On Friday afternoon it was confirmed that the ban on possession proceedings in England and Wales will be extended until 20th September 2020.
The current pause, due to be lifted on 23 August 2020, has meant that no possession hearings or bailiff applications have been heard since mid-March.
Notice periodsThe Government confirmed it will also increase the notice periods for evictions to six-months (from the already increased three-months). This change will apply until at least the end of March 2021, although not to cases involving anti-social behaviour or domestic abuse.
The Government stated that when the Courts re-open they will prioritise possession cases involving anti-social behaviour, domestic abuse, or where the rent arrears are over 12 months..
It is yet to be seen how the changes will work as no draft legislation has been produced, despite the immediacy of the current deadline. Furthermore, it is yet to be seen how the proposed 6-month notice period will mesh with the fact the S.21 notices are only valid for 6-months.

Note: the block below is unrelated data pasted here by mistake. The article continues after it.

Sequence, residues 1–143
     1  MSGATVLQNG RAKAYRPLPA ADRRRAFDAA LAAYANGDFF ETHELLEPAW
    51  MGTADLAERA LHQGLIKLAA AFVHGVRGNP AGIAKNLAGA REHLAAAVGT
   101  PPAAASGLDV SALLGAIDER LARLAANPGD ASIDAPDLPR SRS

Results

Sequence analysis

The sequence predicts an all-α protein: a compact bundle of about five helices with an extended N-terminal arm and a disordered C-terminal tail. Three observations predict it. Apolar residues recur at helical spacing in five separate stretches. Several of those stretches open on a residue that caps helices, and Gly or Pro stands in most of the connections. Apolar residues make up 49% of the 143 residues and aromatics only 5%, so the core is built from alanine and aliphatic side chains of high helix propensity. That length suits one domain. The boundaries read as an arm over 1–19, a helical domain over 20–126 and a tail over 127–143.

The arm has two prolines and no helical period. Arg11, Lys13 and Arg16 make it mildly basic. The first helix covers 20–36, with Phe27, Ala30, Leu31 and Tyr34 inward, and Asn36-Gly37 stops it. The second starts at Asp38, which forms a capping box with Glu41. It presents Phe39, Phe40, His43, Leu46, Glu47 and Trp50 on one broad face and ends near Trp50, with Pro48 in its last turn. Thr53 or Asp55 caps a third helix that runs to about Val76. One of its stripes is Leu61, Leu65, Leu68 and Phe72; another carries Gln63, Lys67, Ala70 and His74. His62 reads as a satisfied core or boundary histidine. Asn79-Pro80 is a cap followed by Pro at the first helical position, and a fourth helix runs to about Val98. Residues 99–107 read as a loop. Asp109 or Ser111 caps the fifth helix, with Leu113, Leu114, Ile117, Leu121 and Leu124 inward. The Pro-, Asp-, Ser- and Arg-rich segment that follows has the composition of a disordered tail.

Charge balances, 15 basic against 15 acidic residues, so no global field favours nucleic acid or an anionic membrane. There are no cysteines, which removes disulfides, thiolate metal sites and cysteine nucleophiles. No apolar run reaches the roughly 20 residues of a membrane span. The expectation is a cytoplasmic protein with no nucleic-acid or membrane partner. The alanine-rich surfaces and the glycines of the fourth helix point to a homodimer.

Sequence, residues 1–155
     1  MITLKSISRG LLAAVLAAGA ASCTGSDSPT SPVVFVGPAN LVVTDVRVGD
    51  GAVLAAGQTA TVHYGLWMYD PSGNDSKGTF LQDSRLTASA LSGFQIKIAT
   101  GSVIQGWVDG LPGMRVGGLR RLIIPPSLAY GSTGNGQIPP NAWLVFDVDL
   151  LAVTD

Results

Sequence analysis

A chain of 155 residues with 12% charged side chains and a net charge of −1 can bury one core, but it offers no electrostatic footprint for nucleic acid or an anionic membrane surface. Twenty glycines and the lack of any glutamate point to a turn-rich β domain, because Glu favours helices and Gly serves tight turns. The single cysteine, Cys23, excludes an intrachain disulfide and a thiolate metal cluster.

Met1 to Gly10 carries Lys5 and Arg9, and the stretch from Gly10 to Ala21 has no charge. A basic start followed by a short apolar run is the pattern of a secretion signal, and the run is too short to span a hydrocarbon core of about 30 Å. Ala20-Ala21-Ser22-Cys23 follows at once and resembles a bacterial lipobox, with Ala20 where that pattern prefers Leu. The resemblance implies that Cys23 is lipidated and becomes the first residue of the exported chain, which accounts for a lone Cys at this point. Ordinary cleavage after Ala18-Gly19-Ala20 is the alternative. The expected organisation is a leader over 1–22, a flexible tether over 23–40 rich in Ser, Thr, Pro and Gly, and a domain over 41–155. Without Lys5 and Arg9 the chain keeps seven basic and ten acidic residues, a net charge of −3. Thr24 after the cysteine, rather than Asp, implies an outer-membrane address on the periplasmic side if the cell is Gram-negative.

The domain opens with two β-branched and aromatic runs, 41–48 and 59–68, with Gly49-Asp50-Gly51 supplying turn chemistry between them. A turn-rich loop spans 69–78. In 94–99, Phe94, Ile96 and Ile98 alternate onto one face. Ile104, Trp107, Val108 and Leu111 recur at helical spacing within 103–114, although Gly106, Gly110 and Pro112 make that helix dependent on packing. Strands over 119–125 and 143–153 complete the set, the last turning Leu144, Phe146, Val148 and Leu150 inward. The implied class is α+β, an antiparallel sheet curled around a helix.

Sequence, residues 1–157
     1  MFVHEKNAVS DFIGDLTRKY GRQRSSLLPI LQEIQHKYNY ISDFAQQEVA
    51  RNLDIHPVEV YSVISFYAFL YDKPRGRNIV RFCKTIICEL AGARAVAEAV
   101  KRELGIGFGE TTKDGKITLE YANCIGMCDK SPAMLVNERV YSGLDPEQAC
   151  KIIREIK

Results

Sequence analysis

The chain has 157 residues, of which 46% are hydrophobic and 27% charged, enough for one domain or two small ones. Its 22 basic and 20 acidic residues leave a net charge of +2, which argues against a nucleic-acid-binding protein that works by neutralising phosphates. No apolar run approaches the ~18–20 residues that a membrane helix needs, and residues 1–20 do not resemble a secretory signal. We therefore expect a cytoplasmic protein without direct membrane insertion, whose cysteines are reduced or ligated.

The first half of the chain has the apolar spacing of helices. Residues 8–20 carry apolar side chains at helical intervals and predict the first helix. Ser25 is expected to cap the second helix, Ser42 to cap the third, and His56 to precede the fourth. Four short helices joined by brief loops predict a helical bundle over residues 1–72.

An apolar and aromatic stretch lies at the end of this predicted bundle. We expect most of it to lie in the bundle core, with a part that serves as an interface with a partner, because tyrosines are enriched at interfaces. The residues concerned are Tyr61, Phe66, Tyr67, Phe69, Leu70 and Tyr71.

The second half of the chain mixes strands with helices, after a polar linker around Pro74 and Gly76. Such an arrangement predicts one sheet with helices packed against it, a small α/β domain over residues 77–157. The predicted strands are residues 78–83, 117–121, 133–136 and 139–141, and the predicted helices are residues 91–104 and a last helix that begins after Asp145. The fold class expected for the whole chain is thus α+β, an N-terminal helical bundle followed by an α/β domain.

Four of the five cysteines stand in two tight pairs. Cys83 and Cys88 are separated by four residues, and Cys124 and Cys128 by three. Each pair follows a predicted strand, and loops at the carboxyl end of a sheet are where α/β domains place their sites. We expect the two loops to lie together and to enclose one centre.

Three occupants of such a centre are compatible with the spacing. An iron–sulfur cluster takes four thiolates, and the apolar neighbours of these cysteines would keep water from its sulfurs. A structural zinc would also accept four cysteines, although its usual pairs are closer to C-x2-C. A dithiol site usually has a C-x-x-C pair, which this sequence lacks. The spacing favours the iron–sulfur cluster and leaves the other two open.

Polly Neate, chief executive of Shelter, welcomed the decision by the government saying it clearly recognised the danger to tens of thousands of people. She added:
“People are still falling behind on their rent – 230,000 private tenants since March – leaving them vulnerable when the ban does end. And we all know even more economic storm clouds are gathering.”
“A bullet may have been dodged with this extension, but as soon as parliament returns it must give judges extra powers to stop renters being evicted because of ‘COVID arrears’. Facing eviction this Christmas is not a present anybody wants.”
Ben Beadle, CEO of the National Residential Landlords Association said: “A blanket extension is unacceptable, especially so close to the deadline. He added:
“An enormous amount of work as gone into finding a balance between supporting tenants who have been affected by the pandemic and preventing significant financial harm to landlords, in accordance with the Government’s promise. This announcement satisfies no-one.”
Pinney Talfourd are experts in residential property litigation and can advise you on changes to the law so you are given up to date advice.
This article was written by Oliver-James Topping, Solicitor in the Residential Property Litigation at Pinney Talfourd LLP Solicitors. The contents of this article are for the purposes of general awareness only. They do not purport to constitute legal or professional advice. Specific legal advice should be taken on each individual matter. This article is based on the law as of August 2020.